That is the question the Tribunal had to answer in the recent case of Prosser v Community Gateway Association Ltd and they found, on the facts of this case, that it did not.
Ms Prosser was employed by the Association on a zero hours contract, working an average of 4 shifts per month prior to the coronavirus pandemic. Having informed her Line Manager on 13 March 2020 that she was pregnant, she was forwarded a link to the government advice which classified pregnant workers as clinically vulnerable. She was subsequently sent home from her shift upon arrival on 17 March 2020 to protect her from catching the virus at work without, unfortunately, her having received a proper explanation of the state of play in terms of her position, how long it would last and payment during that period.
When Ms Possner requested to return to work in early May 2020, the Association carried out a risk assessment to ascertain the feasibility of a safe return to work. It was concluded that with some amendment of duties to avoid lone working, she could return to work once Perspex screens had been fitted between desks (which were just shy of the recommended 2 metres apart).
Ms Prosser was rostered for shifts towards the end of May but due to delays in making the changes required, she was not allowed to return as planned. She raised a grievance claiming she had been discriminated against on the grounds of pregnancy, citing two issues:
- she had not been paid for the shifts she had been scheduled to work in April 2020; and
- she had not been allowed to return to work.
In response to this, the Association invited her to return to work and asked her to confirm her availability. The Association also carried out a further individual risk assessment as the installation of the Perspex screens was still outstanding. The risk assessment identified it would be safe for her to return to work as the desks had, by this time, been moved further apart (i.e. more than 2 metres). They also acknowledged their error in not paying Miss Prossner and subsequently paid her for the shifts and remaining days she would have attended during that period. She then returned to work in August 2020 and her grievance was dismissed.
Dissatisfied with this outcome, Ms Prosser brought a claim in the Employment Tribunal. She argued that being sent home in March 2020, not allowing a return to work until August 2020 and the delay in her payment constituted direct pregnancy / maternity discrimination.
These complaints were rejected by the Tribunal. Ms Prosser had been sent home because she was classed as vulnerable and the Association did so having been appropriately informed by the Government’s public health advice and regulations at the time. The delay in Ms Prosser’s return was attributable to ensuring that appropriate measures were in place. Neither of these actions therefore constituted unfavorable treatment, and without unfavorable treatment her direct discrimination claim could not succeed. With regards to the delay in payment, whilst it was clear to see how this would be unfavorable treatment, it was held that it was unrelated to her pregnancy as it stemmed from a simple administrative mistake, which was duly rectified.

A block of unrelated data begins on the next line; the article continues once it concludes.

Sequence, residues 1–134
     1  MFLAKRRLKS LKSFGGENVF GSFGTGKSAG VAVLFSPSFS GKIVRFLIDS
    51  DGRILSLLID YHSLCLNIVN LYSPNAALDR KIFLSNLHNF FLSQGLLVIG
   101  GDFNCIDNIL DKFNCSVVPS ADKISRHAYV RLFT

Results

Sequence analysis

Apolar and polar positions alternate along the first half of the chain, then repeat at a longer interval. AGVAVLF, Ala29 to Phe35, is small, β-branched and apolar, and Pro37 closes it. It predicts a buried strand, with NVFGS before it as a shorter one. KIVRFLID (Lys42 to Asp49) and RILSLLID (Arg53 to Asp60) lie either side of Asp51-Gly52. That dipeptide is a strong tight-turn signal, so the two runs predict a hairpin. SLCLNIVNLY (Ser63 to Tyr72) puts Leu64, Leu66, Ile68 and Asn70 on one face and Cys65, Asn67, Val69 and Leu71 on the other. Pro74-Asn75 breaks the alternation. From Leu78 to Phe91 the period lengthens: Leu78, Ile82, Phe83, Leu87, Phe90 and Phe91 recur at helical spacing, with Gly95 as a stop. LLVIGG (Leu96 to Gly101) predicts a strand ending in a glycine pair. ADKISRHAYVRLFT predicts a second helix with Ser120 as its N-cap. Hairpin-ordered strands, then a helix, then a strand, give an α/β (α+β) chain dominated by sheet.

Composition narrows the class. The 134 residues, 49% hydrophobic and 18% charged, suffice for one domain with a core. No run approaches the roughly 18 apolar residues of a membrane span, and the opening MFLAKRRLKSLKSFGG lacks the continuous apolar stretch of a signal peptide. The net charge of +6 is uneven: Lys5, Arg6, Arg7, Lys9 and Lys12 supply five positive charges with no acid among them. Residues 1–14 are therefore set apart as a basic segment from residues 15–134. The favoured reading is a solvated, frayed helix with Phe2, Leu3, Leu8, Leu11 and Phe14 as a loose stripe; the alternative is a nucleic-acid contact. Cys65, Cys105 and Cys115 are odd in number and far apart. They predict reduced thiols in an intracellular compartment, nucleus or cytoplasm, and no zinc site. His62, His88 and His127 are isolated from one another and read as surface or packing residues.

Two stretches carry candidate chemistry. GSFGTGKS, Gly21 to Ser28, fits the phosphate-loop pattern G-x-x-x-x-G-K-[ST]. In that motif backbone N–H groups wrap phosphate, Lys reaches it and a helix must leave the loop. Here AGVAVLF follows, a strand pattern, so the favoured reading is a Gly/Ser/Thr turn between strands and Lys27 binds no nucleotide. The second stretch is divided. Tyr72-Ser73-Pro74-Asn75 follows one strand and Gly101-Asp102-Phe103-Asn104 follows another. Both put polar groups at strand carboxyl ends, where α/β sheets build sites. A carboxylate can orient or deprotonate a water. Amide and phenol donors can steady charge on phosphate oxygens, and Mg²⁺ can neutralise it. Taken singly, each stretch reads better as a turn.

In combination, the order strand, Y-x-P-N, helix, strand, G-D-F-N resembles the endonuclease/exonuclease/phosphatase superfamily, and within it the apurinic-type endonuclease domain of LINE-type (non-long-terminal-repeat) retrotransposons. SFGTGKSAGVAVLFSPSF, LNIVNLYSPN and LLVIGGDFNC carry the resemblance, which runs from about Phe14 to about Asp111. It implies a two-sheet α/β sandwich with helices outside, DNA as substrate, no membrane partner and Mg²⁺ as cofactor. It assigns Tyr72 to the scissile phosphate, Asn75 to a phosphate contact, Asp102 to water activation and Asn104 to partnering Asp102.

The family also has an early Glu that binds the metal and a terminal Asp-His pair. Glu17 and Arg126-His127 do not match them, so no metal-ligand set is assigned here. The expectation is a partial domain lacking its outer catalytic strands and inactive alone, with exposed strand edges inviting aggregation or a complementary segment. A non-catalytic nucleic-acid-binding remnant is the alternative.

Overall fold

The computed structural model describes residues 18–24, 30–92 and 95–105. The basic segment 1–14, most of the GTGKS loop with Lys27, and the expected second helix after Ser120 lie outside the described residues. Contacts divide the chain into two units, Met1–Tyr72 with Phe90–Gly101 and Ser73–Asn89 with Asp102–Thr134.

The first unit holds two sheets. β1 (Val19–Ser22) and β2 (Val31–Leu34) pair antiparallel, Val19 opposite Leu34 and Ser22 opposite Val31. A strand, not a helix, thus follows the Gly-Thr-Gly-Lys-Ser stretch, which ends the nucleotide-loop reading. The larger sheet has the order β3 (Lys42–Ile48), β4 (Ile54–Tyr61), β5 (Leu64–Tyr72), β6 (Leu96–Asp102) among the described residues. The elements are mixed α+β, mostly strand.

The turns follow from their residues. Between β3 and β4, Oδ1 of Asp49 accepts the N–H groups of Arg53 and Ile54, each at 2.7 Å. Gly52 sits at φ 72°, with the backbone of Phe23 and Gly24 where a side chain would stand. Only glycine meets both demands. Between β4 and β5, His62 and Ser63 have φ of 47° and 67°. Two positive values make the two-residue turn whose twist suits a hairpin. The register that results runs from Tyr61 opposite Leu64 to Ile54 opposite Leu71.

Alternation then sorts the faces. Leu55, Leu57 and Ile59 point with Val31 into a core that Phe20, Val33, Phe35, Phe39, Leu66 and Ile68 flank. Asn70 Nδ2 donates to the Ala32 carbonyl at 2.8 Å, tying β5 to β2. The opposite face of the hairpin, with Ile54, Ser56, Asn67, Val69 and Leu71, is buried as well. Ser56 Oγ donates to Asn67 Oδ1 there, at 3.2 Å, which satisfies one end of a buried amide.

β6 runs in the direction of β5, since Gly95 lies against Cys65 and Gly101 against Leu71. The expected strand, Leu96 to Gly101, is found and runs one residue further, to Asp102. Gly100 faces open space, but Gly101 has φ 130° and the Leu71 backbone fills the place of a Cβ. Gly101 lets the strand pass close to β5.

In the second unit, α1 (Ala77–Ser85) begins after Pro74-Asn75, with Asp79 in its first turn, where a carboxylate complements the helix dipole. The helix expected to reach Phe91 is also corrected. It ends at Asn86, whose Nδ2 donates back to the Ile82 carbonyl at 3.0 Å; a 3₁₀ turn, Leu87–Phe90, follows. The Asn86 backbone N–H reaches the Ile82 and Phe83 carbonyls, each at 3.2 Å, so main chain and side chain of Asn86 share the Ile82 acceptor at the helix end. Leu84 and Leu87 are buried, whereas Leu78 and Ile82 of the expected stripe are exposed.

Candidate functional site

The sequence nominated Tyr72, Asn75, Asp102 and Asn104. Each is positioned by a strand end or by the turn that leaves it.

What have we learned from this case?
Whilst the case is not binding, it should provide some reassurance to employers who sent home pregnant workers to protect them from COVID-19. In our view, as long as an employer can demonstrate that they acted and continued to act in line with government guidance and they took steps, where possible, to facilitate a safe return to work then their actions will likely be justified.
Where the Association erred was in their failure to pay Ms Prosser, which thankfully they rectified. If an employer is unable to avoid the risks they have identified and if they are unable to temporarily amend the employee’s duties and / or working conditions, on terms which are not “substantially less favourable”, the employee must be suspended on full pay.
Risk assessments are key! Employers must assess the specific risks to pregnant employees and for any risks identified, must do all they can to prevent or remove them. For some time now, the government and PHE advice has been that pregnant women should continue to work if its safe to do so, but we must remain alive to the fact that the risks are higher for those over 28 weeks pregnant and that any other pregnancy-related issues specific to the employee must also be taken into account.
If you require any further advice regarding this or any other HR or Health & Safety issue, please contact us on 01942 727200 or firstname.lastname@example.org